Review by Booklist Review
Kopacz has interwoven figures from the Yoruba pantheon of deities and the stark realities of slavery in the mid-1800s in a debut novel that celebrates roots and traditions even as it grapples with all that was stripped away from those who were enslaved. Young Yemaya is a creature of the ocean who can take human form and follow her captured love, Obatala, all the way from Africa to America. Their mysterious and tenuous connection is her motivation as she endures the tortures of slavery, the hopes and dangers of the Underground Railroad, and encounters with supportive people from different backgrounds. Yemaya's capacity for love, her ability to heal others and inspire faith and redemptive energy, is a creative realigning of the attributes of goddesses with human nature. Kopacz's commitment to a vision of healing even while detailing tragedies shapes this tale's themes of redemption and the universal soul. Most remarkable is Kopacz's abilty to maintain a brisk narrative pace as she delves into the weighty issues and complex experiences that shaped Yemaya's quest.
From Booklist, Copyright (c) American Library Association. Used with permission.
Review by Publisher's Weekly Review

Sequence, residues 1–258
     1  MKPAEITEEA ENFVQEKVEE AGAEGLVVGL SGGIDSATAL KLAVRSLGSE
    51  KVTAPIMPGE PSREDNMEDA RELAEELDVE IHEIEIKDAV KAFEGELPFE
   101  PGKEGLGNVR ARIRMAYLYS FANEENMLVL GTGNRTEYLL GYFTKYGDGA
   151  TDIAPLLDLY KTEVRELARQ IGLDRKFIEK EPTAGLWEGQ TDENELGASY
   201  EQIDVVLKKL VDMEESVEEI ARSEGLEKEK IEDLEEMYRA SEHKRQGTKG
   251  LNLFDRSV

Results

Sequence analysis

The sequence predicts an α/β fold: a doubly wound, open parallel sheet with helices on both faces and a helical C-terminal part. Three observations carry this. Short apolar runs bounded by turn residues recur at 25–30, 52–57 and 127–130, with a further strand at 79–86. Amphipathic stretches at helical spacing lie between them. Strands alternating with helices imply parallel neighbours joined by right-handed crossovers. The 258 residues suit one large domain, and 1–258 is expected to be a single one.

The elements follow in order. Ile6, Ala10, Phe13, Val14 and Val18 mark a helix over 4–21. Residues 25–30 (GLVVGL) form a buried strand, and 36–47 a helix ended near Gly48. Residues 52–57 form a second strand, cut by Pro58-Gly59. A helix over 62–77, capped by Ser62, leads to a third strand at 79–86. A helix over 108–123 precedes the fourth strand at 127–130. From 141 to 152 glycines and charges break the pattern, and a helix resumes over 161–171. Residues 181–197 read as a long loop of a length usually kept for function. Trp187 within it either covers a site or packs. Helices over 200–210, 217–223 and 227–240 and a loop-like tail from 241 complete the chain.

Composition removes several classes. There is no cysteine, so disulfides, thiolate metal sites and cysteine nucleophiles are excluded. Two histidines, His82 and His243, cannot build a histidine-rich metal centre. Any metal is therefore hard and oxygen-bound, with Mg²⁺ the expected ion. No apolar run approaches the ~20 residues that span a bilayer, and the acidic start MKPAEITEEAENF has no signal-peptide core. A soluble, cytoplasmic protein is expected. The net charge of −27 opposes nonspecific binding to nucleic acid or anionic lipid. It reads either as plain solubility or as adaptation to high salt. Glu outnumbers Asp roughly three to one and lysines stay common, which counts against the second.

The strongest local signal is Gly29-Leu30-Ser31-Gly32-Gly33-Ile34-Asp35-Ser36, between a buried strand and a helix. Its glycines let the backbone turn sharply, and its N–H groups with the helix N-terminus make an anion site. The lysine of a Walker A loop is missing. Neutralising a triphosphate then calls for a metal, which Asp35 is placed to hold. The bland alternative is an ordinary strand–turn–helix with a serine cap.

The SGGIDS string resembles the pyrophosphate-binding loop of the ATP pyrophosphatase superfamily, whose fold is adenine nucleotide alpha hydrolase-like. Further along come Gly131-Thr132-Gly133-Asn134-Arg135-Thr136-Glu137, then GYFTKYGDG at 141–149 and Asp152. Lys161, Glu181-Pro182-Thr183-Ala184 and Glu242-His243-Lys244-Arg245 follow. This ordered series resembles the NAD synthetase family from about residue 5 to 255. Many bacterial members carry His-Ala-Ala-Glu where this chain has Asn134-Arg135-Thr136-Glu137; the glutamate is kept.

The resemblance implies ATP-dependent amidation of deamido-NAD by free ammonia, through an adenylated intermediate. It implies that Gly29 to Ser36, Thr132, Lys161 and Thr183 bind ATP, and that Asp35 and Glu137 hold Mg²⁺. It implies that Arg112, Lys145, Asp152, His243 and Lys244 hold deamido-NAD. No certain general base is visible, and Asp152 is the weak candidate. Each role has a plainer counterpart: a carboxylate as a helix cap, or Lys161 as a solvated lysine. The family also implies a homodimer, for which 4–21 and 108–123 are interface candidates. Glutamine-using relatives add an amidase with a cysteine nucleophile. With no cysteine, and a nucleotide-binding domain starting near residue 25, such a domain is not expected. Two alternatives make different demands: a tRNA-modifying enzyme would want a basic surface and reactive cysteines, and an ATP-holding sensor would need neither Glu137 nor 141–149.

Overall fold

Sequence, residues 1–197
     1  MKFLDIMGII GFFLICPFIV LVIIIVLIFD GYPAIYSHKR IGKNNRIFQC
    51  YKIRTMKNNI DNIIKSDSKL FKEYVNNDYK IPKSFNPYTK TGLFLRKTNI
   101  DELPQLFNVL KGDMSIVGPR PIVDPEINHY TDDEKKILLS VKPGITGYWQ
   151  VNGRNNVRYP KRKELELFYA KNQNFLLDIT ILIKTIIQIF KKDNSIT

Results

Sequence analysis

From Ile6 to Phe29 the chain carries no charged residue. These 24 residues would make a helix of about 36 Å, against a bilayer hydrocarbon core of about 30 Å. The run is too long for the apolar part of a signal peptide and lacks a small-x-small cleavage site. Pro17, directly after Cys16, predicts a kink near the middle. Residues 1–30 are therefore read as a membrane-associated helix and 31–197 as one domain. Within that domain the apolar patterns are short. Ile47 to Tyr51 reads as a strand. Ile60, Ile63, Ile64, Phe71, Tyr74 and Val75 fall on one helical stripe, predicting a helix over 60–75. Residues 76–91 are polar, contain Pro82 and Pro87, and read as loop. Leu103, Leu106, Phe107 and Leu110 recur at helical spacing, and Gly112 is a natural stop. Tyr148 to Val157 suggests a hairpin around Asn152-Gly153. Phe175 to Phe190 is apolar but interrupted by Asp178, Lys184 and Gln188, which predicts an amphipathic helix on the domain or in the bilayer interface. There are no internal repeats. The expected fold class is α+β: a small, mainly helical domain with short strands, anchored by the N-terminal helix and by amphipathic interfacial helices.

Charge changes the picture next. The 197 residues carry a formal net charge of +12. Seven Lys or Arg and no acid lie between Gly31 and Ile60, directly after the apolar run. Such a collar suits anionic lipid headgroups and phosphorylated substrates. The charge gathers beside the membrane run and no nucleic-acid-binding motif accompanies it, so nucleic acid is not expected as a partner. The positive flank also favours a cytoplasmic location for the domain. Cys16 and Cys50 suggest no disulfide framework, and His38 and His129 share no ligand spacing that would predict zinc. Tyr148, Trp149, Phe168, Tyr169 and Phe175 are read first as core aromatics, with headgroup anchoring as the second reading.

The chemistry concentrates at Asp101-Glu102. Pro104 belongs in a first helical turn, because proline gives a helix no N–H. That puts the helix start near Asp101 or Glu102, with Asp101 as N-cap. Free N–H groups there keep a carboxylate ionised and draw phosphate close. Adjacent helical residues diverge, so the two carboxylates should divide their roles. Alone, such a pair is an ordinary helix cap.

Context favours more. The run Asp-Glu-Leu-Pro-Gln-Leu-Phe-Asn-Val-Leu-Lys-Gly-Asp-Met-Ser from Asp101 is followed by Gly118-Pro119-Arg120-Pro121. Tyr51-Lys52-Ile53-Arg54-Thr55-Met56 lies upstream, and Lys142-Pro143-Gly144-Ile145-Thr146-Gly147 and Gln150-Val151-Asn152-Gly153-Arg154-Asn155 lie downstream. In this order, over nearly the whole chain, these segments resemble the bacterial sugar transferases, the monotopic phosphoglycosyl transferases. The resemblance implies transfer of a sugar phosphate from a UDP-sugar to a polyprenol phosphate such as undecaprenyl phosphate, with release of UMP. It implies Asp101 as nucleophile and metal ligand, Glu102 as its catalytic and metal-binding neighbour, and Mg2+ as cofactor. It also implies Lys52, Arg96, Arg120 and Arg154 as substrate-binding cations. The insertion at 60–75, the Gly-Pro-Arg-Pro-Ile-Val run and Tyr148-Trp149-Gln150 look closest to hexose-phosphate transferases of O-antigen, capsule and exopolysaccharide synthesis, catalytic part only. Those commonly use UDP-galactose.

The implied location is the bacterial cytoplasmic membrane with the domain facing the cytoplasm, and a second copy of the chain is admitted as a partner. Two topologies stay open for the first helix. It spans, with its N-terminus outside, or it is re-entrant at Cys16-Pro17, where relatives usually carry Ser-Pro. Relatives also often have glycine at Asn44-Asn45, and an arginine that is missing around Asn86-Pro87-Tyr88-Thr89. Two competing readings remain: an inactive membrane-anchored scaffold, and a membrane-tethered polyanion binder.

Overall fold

Kopacz's stirring debut novel (after Finding Your Way: Alphabetical Keys to the Divine) features an Orïsha, a Yoruba deity of the sea, who was "ripped from the water" and became a young Black woman engulfed in the violent maelstrom of 1849 America. Yemaya witnesses a tribe of fisherman along with Obatala, the father of all Orïshas, being abducted by slave traders, and is "overcome by the sheer terror and hopelessness," before being captured herself. Kopacz then describes the horrors Yemaya witnesses on a series of ships across the Atlantic and along trade routes in the U.S., where her captors eventually place her in a tent somewhere on land. She escapes, and Richard Dillingham, a white Quaker, comes to her aid and tells her about the Underground Railroad. Yemaya then goes on a quest to find Obatala while continuing to navigate a strange world where magic is real (after she breaks her ankle, she heals it by rubbing mucas on it into a cast) and cruelty abounds. All of these events are framed by Yemaya's confusion at her new reality: "What is slavery? Is a Negro another word for an African?" she wonders. It's a riveting and heartbreaking story strengthened by Kopacz's superb ability to create a sense of place. Fans of Ta-Nehisi Coates's The Water Dancer will want to take a look. (Aug.)
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